This post is part of our Bookshelf series organized by the Data Science R&D department at Civis Analytics. In this series, Civis data scientists share links to interesting software tools, blog posts, scientific articles, and other things that they have read about recently, along with a little commentary about why these things are worth checking out. Are you reading anything interesting? We’d love to hear from you on Twitter.
Stack Overflow did an interesting piece on the astronomical growth of people viewing questions on Python in the last year. In the U.S., it is projected to be the most asked about programming language by 2018. And the second-fastest growing language, you ask? R. Clearly, interest in data science and machine learning is rapidly increasing, and it turns out that this is especially true amongst high-income countries.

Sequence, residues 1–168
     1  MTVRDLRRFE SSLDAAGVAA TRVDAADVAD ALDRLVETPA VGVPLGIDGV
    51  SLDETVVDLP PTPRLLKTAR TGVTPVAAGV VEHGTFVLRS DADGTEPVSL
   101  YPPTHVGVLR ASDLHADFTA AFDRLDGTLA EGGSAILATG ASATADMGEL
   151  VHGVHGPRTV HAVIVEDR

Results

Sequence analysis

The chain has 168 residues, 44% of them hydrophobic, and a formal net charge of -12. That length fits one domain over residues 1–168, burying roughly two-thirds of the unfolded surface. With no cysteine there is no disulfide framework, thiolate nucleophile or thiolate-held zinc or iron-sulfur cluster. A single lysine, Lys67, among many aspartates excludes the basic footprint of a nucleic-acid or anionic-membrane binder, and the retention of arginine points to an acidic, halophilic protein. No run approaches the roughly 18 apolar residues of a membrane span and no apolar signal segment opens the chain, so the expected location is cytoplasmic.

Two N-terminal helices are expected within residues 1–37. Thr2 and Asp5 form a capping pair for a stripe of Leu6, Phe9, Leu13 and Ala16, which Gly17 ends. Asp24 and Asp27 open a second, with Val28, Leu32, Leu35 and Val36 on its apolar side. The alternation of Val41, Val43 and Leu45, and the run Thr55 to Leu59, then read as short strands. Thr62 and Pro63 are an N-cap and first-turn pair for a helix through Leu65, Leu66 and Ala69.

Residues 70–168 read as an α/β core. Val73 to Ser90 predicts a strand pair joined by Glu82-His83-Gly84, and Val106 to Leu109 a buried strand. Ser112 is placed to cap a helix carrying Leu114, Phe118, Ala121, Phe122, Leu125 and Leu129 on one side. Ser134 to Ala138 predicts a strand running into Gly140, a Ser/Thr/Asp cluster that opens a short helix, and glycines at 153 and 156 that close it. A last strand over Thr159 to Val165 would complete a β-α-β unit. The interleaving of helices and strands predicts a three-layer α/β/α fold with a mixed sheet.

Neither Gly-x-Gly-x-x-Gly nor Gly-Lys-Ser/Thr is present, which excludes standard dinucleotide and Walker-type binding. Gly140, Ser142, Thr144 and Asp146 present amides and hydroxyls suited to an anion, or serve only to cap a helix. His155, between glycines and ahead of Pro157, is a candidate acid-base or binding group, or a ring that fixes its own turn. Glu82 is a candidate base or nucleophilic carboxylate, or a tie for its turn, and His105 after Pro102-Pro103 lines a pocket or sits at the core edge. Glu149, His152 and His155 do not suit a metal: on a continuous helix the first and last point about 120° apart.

Stochastic Gradient Descent (SGD) dramatically speeds up training of large models, making many recent deep learning architectures feasible. Unfortunately, the algorithm also suffers from getting “stuck” in saddle points, areas where the gradient doesn’t provide a clear direction in which to travel downhill and minimizing the cost function is sloooow. Jin et al. propose a new algorithm, Perturbed Gradient Descent (PGD), which alleviates this problem and speeds up training in a variety of real-world optimization problems. The blog post provides a good introduction to the main ideas, and you can check out the paper here for more detail.
One of the first podcasts on data science recorded its last(?) episode this week. Hosts Chris and Vidya are leaving, and the show is not planning to release anything new in the immediate future. Running for the last 2.5 years, the show explored topics as varied as analyzing bias in machine learning models and improving the quality of survey responses. You can check out archived episodes here.